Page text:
4 – Corners – From the two A risers and two D risers follow the lines up to the canopy to make sure they are clear and there no snags, knots, etc.
Stirrup & Speed System – Check to see that your speed system is properly attached, routed, and clear of your reserve parachute handle. If you have a foot stirrup check to see that it is clear of your speed system and will be easily accessible after launch. This usually means putting one leg through/behind the stirrup bar.
Top & Turn – Make sure the correct riser is on top for the direction you will be turning after a reverse launch.
Airspace – Check the surrounding airspace to avoid collisions during launch.
Radio – Make sure it is on the correct frequency and that you can transmit and receive.
V-shape – Check for V’s between brake lines and rear risers to avoid brake line twists.
Even pressure – Ensure the tension on A-lines are even as you prepare to inflate your glider.
This is a very important part of the training program – which is why this information is being repeated. It can hardly be stressed enough!!
You are the pilot in command of your aircraft. It is the instructor’s responsibility to guide and advise you during the beginning phase of paragliding. However, as the pilot in command of your aircraft you need to be prepared to pay attention at all times. The entry level gliders that you will be flying during your training are very forgiving, up to a point.
You need to be prepared to give the proper input at the appropriate time. You will have a radio during your flights so the instructor can talk you through various procedures such as getting comfortable in the seat, making turns, and setting up for landing. These procedures can be challenging at first, so give yourself time to relax and be patient. It is easy to get frustrated with the glider, the conditions, etc… but the goal is to get you flying safely and confidently for many years to come. So be patient with yourself, everyone learns at their own pace and no one can learn for you.
During the early stages of the training process the inputs required by the glider may seem counterintuitive. Your instructor is there to help you gain confidence and develop a new set of instincts.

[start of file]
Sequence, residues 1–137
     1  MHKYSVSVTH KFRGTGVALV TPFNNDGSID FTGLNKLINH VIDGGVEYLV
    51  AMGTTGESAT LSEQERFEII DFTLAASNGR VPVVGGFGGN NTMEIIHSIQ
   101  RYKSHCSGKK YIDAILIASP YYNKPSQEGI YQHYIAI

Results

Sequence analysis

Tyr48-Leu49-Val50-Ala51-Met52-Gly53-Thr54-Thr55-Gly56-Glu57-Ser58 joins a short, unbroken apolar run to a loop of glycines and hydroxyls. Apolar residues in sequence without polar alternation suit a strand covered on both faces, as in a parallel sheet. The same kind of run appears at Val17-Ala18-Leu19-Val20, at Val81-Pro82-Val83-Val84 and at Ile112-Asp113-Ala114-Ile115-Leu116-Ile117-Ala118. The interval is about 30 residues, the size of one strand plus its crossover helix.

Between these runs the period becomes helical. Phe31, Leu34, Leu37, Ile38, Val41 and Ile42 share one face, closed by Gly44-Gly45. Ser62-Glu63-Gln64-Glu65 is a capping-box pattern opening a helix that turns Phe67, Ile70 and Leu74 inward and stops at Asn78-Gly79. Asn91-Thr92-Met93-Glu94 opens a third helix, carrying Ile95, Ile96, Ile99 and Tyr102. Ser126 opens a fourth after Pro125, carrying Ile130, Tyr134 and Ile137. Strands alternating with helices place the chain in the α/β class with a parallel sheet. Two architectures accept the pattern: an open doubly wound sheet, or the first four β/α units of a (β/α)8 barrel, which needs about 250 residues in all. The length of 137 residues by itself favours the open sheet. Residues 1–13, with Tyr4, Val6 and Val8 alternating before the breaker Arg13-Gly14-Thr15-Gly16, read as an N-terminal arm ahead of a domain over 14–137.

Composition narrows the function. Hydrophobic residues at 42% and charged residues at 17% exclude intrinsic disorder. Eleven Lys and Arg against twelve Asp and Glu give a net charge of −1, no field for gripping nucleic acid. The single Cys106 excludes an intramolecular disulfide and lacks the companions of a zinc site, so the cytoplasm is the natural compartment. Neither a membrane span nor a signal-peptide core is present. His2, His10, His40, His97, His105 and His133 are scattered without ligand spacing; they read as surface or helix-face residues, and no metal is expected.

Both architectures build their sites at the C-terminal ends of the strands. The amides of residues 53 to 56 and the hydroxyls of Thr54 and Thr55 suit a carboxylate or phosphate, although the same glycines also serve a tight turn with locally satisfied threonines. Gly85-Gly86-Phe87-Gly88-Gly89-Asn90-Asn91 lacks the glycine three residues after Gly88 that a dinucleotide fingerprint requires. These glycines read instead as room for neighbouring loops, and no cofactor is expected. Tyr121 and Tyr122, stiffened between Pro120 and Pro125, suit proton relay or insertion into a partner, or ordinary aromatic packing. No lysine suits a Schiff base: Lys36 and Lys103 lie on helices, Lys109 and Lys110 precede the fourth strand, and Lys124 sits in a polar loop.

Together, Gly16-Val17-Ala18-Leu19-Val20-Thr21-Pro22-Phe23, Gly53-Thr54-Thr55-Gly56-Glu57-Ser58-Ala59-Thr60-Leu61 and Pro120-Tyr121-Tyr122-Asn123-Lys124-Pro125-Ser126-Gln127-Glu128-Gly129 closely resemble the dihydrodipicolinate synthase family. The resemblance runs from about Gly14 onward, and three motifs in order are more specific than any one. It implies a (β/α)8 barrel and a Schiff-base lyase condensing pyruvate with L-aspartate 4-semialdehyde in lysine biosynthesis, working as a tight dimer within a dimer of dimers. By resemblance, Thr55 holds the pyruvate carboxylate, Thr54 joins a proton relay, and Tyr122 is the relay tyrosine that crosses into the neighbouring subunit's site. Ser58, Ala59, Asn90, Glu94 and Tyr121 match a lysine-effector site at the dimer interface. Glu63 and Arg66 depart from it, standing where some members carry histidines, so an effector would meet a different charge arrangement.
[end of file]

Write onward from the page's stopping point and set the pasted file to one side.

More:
No competent instructor will put you into a situation where you are dealing with more demanding conditions that you are ready for, or put you on a higher performing glider until you are ready.
Keep in mind that it is OK to feel a little apprehensive. This is normal. A positive attitude will help you and the instructor stay motivated and excited. Remember that you are outside, not working, and doing something that very few people in the world ever experience. Keep things in perspective and have a good time!
Launching (Forward & Reverse)
Depending on your school program and weather conditions, you will learn one of two methods to inflate and control your glider. The forward and reverse: both have advantages and both are necessary skills for any competent pilot, and you will be required to demonstrate both for your P2 license.
The reverse is the most common launch technique because it has some advantages over a forward launch, but some of those advantages are very situation specific. With the reverse launch you begin by facing the glider which allows you to view your glider and lines during inflation. This gives you the ability to see any snags or knots in your lines and whether or not the glider is coming up correctly.
A forward launch has its advantages over a reverse in many situations as well. It can be used in light conditions, on a shallow slope, or at high altitude. Many schools requite you learn the forward inflation and forward launch first because it simplifies the launching process and can be a valuable teaching tool for proper posture and control prior to leaving the ground. As some instructors say: “All Launches Are Forward Launches” – which is true because no matter which method you use to inflate your glider, you will only launch facing forward and in good control of your glider. It is good to develop the skills needed for checking your glider as it inflates from a forward position – like checking over your shoulder to insure the wing is in a good position, and being prepared to abort any launch at any time.
With either launch style it will be important to lay the canopy out in a clean, curved or horseshoe shape so that the center cells will inflate first. This will help the glider come up straight. Prior to each launch you will want to choose a horizon reference point to help keep you on course throughout your launch.
Check out this great short video by an instructor in Spain on good forward launch technique.
Launch sites are widely varied. Some will be open and grassy. Others may be rocky, brushy, or narrow and lined with trees. Your ground handling skills will be put to the test during any launch, but especially at sites that have more challenging aspects to them.
Things to keep in mind while assessing a launch site should be: slope angle, wind, line snag hazards, obstructions, footing, and whether it will be possible to abort a launch or not. If there are rocks and vegetation that can snag your lines, be sure you double check them before launching. If there are obstacles at or below the launch be sure you choose a path before you inflate your glider.
This is especially pertinent if you are using a reverse launch. The slope angle will have an effect on how quickly the glider will load and get you airborne. If it is very steep you will probably get off the ground quickly – should the launch not go as planned you still need to be prepared to abort, regardless of the wind or situation. Aborting launches is something every pilot will do, and not something to be ashamed of. Better to be prepared to abort and walk away. Like many pilots say: